On a sunny first day of March, with signs of spring to be seen and felt everywhere on the UC Berkeley campus, mezzo-soprano Susan Graham and pianist Malcolm Martineau took romantic love in all its amplitude as their seasonally appropriate theme.
Much of the audience may have skewed older than the students enjoying the weather and each other outside Hertz Hall on this Sunday afternoon. But it’s safe to say that many in attendance were revisiting their own early infatuations, wide-eyed delusions, and deepening first loves during this bewitching afternoon of amorous art songs. Anyone who didn’t summon a first kiss and more to mind must not have had a pulse.
Robert Schumann’s 1840 song cycle Frauenliebe und -leben (A Woman's Loves and Life) was the occasion for this seductive Cal Performances recital. Set to poetic texts by Adelbert von Chamisso, the eight songs form a progression from love-struck first sight to physical lust, marriage, and family to loss. It was Martineau who proposed interleaving the Schumann songs with those by other composers that address the various stages of love. Grieg, Strauss, Ravel, Tchaikovsky, and Granados were among those enlisted in this refreshingly invented cause.
Singing with liquid grace, stylistic suppleness, and linguistic fortitude, Graham tapped eight different languages overall. That fact itself was one of the recital’s gratifying features – a love letter to love’s own universality and variety.
Whether she was precisely cataloging the glories of a lover’s eyes and mouth and voice in Fauré’s “Chanson d’amour,” skimming lightly over the flowing piano arpeggios of Ture Rangström’s “Melodi,” preening over a wedding ring in Schumann’s “Du Ring an meinen Finger” or floating a sublimely heartsick summons to a distant love in Berlioz’s “Absence,” Graham went to the heart of the matter. Through it all a shining, exquisitely crafted tone prevailed. For all the heat in the lyrics, Graham molded emotion with a telling, light touch rather than dynamic extremes, overly dramatic phrasing, or theatrical gestures and expressions.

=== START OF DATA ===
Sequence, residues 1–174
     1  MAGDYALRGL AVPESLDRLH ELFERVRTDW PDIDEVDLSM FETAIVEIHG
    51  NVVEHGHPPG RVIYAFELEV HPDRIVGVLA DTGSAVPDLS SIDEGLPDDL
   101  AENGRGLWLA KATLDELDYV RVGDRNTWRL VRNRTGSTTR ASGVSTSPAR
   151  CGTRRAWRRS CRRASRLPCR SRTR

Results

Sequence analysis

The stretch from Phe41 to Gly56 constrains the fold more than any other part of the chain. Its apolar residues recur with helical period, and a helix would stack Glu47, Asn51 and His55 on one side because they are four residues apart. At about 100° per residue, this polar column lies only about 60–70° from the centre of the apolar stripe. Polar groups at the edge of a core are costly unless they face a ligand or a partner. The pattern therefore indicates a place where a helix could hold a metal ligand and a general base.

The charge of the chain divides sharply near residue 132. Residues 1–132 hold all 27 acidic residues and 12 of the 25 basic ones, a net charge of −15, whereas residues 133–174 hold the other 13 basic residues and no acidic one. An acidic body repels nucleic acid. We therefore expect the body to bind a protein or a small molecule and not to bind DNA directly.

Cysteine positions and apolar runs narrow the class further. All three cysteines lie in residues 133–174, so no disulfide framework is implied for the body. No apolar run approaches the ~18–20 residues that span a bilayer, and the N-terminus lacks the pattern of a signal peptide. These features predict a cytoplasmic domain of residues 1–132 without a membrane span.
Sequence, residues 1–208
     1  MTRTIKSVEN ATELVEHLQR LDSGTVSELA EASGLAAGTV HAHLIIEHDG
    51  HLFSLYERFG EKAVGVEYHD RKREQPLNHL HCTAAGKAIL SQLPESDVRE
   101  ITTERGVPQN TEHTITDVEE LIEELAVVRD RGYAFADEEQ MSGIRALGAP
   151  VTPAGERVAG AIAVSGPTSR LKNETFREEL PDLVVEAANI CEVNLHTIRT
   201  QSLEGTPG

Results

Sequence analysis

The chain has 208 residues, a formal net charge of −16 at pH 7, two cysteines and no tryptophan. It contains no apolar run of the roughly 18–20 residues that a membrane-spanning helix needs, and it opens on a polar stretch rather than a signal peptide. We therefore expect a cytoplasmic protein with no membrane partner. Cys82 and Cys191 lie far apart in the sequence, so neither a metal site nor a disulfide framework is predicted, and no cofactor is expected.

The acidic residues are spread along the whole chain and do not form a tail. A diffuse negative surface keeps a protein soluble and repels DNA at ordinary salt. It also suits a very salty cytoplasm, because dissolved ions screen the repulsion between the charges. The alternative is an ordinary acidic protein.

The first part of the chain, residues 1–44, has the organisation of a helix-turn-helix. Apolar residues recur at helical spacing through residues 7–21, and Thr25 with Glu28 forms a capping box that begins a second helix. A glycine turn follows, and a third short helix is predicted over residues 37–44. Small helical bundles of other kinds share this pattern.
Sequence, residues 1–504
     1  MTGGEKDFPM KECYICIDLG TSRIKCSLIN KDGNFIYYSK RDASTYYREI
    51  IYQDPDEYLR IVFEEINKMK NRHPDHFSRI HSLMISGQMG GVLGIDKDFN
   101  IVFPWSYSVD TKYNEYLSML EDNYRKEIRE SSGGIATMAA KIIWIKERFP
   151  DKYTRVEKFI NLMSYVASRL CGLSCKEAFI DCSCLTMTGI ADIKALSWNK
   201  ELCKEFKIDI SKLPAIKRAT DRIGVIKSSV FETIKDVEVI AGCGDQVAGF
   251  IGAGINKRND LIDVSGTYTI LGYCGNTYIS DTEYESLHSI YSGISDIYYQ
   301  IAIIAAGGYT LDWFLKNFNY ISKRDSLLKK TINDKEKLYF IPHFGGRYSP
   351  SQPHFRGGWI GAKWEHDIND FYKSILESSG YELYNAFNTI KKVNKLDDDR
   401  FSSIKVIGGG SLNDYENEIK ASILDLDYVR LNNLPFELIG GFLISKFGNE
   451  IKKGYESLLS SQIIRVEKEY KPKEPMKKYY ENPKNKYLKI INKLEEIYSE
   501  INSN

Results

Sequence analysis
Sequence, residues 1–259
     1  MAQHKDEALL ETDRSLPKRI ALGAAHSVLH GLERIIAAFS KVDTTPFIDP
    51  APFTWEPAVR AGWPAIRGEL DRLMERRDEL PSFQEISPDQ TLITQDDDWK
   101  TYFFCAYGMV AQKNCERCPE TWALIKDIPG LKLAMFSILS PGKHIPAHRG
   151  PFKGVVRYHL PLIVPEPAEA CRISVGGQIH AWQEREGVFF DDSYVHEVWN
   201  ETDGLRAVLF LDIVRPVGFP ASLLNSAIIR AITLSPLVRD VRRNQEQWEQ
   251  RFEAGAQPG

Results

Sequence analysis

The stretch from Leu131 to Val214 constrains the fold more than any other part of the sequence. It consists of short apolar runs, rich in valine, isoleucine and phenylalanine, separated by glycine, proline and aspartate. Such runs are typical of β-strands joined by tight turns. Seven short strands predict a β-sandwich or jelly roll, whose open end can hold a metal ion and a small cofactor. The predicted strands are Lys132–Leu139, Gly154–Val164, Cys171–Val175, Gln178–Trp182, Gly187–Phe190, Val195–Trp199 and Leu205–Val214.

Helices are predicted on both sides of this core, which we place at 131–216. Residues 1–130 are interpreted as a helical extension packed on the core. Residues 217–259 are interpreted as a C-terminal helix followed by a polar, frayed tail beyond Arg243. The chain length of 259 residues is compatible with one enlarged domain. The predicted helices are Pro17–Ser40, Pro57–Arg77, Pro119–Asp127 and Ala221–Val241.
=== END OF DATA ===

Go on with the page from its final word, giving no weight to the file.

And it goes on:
The female speaker of Schumann’s cycle supplied the lattice-work for love’s winding development through the years. In the composer’s first song, translated as “Since I saw him,” Graham conveyed, with breathy eagerness, the moment when desire strikes. Then, in “He, the most wonderful of all,” she used perfectly pearled ornaments to suggest the heightened, luminous clarity of her perceptions. “Just to watch your radiance,” she marveled. “Just to watch it in humility.”
The wind-swept phrases in “I cannot grasp it” blew by in a brief, gusty windstorm. In “Help me, sisters,” which takes place on the wedding day, Graham underscored the giddiness of the occasion with a sense of gravity. She followed it with two of Schumann’s “Bride Songs,” both touchingly addressed, with a kind of poignant look over the shoulder, to the bride’s mother.
In the second half of the program, the song order of each section was reversed: the Schumann songs followed rather than preceded those of the other composers. That meant that the recital ended not in the raking grief of Granados’ “Oh, cruel death” but with the achingly spare meditation of Schumann’s “Now you have caused me first pain.” Martineau, whose sensitivity served every nuance and shift of mood, fittingly got the last word, in a poignant piano coda.
Dressed in an off-the-shoulder floral gown, her blond hair swept back off her face, Graham projected a sense of easy, forthcoming frankness. There were no sly winks about the program’s erotic throughline. Nor was there anything dewy or coy about her delivery. This was a woman’s view of love, fully, unblinkingly felt and expressed. In a brief explanation of the program’s concept before the recital began, Graham noted, “During the intermission you can assume there was a wedding night.” The carnal remained offstage, while the anticipation and its aftermath came gleaming through.
Graham projected a sense of easy, forthcoming frankness. There were no sly winks about the program’s erotic throughline.Affecting as all this was, the song selection occasionally felt a little light and monochrome. Songs in French, a Graham speciality, got a lot of air time – and with good reason. The softer contours of that language suit the singer’s caressing tone and technique especially well. But it was hard not to wish for something Baroque or a Schubert song or two to widen the circle.
As it was, Graham filled the afternoon with sweetness, love-sick dreams, laughter (Poulenc’s “The Baby Carafe”), the joys of motherhood and a swoon of sadness. Love, from beginning to end, flowed onward.